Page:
Ian Begley, SNY.tv | Twitter |
Ex-Net Jared Dudley has some interesting insight on Kevin Durant's decision to sign with the Nets (over the Knicks) and DeAndre Jordan's role in Brooklyn's acquisition of Durant and Kyrie Irving.
In an interview with ESPN's The Woj Pod, Dudley, who signed with the Lakers on Thursday, said Irving and Durant made the right decision to sign with Brooklyn "because of the organizational stability over there."
While making it clear that he wants the Knicks to do well because it's good for the NBA's business, Dudley believes that the Nets will usurp attention from the Knicks now that they have Durant and Irving.
"That place is going to be on fire," Dudley said of Barclays Center. "…. The Knicks get a lot of love and that is one of the best arenas they ever have in Madison Square Garden. But I'm telling you, even without Kevin Durant watch the vibe there (in Brooklyn). And then when Kevin Durant comes, within 2-3 years, no one's going to be like, 'Who are the Knicks getting in 2021?' No one is going to care. They're going to say, 'Hey can Kevin Durant lead them to a championship? That's going to be the headline."
Even with four straight seasons of 50-plus losses, the Knicks still managed to be among the NBA's leaders in attendance figures. Brooklyn has been in the lower third of the league in recent seasons. But that will likely change with Irving on the court next season. And it's probably going to spike even more when Durant returns.
Dudley said he spoke with Jordan, who was considering signing with the Knicks, a week or so before he made his decision. Jordan is considered a pivotal piece in how things transpired because he has a close relationship with Durant.
Dudley talked to Jordan, who reportedly agreed to a four-year, $40 million deal with Brooklyn, about the Nets' strengths.
"I told him all the good, it's 95 percent good over there," Dudley said. "It's one of the best practice facilities in the league. You can live in the city, because most players want to live in New York City and go there, they don't have to drive an hour to Westchester, to the Knicks practice facility. They have one of the best training staffs over there. It's probably triple the size, more than any (other team), 15-20 trainers from Australia to Canada, they bring them from all over. (Nets GM) Sean Marks does a phenomenal job. Great player development. (Head coach) Kenny Atkinson's a hard worker. They're missing a superstar, that's what they were missing.
"You've got to have some of that. I told (Jordan) that. He was talking about the Knicks. (If) Kevin Durant's out, the Knicks are going to be bad. Let's be honest, the Knicks are going to be bad. I wish them the best, I want the Knicks to be good. That's the funny thing. As a business, the NBA is better when the Knicks are good."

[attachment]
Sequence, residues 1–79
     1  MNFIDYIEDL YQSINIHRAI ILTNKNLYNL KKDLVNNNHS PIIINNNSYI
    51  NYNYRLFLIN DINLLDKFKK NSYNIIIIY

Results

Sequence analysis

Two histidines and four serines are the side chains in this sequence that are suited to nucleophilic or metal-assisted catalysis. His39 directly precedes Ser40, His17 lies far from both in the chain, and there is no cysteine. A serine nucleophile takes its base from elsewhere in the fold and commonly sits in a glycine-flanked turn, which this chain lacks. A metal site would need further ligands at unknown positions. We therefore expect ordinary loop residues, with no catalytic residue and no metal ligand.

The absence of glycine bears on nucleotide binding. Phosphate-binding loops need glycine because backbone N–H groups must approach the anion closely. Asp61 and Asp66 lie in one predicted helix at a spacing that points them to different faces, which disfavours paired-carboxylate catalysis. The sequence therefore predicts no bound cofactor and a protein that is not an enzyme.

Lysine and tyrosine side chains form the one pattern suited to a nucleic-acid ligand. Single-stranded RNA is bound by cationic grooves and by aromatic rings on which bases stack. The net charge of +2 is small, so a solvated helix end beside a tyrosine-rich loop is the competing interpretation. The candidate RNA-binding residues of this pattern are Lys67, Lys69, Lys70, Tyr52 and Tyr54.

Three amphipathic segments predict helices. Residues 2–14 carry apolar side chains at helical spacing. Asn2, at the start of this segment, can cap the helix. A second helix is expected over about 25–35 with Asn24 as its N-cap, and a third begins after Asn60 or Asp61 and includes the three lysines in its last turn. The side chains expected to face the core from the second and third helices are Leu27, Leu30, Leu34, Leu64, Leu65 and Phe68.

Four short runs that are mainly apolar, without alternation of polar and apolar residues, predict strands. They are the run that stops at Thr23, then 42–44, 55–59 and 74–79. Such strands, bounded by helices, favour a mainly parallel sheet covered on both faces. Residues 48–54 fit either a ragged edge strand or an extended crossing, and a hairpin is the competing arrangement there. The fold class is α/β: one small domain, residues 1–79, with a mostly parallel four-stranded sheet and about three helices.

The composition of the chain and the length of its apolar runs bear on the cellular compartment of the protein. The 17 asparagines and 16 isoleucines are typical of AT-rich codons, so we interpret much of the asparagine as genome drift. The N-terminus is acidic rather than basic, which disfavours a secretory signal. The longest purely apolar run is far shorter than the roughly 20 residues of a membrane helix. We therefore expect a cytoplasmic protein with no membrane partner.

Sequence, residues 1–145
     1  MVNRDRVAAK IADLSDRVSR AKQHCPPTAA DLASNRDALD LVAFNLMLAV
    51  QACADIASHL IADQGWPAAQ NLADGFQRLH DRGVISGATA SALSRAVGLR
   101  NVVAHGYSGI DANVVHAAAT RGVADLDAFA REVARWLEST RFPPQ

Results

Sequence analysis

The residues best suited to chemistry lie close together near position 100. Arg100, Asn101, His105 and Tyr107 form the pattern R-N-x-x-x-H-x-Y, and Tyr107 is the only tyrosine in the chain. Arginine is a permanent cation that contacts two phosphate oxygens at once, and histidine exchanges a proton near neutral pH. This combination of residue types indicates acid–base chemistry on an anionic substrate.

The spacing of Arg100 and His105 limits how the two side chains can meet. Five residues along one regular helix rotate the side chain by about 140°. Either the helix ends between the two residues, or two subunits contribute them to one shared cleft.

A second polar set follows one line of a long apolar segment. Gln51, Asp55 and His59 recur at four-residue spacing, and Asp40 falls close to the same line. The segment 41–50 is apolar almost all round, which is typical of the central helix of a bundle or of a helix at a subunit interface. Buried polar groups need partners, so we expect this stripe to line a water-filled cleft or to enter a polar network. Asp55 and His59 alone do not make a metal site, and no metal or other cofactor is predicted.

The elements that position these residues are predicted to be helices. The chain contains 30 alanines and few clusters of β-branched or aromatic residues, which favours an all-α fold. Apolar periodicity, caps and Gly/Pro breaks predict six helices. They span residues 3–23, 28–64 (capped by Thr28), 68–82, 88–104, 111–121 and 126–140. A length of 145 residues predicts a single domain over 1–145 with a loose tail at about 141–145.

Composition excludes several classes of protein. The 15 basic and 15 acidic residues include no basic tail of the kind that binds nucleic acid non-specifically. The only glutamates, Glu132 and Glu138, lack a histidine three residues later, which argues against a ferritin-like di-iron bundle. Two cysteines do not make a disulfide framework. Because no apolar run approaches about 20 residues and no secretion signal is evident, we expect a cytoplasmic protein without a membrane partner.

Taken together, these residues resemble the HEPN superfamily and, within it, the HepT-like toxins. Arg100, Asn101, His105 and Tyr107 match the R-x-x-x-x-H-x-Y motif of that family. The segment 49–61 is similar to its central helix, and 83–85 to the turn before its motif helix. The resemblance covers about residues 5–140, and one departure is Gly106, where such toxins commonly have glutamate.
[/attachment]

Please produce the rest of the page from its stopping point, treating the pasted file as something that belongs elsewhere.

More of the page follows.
The Knicks acquired Jordan in the Kristaps Porzingis trade and had interest in re-signing him. It's unknown if they were prepared to sign him to the contract that Brooklyn offered, but it's fair to assume that they would have if it delivered Durant to New York. The New York Times reported that Jordan "was convinced in recent days that Barclays Center would be a more hospitable backdrop for Durant and Irving than Madison Square Garden and joined the chorus promoting the Nets."
It bears repeating that the Nets deserve a ton of credit for positioning themselves to land two of the top free agents on the market after being left barren in the wake of the Paul Pierce/Kevin Garnett trade. It's a remarkable turnaround and impeccable team building from everyone in the building. The Durant/Irving signings obviously come with risks, though.
As for the Knicks, they largely executed their plan in free agency once they missed on Durant. They said they weren't going to hand out any long-term contracts and they adhered to that policy, signing five players to two-year deals with team options for the second season. They also signed Julius Randle to a three-year deal that isn't fully guaranteed in the third season.
At some point, the belief here is that they need to add top talent with the cap space they acquired in the Porzingis trade to make it a win for the organization. If Porzingis doesn't return to his pre-injury production while in Dallas, that obviously impacts how you analyze the deal. But if he returns healthy (some who have seen him on the court recently say he looks great) and is productive, the Knicks will need to eventually get a solid return on that cap space for the trade to be seen as favorable.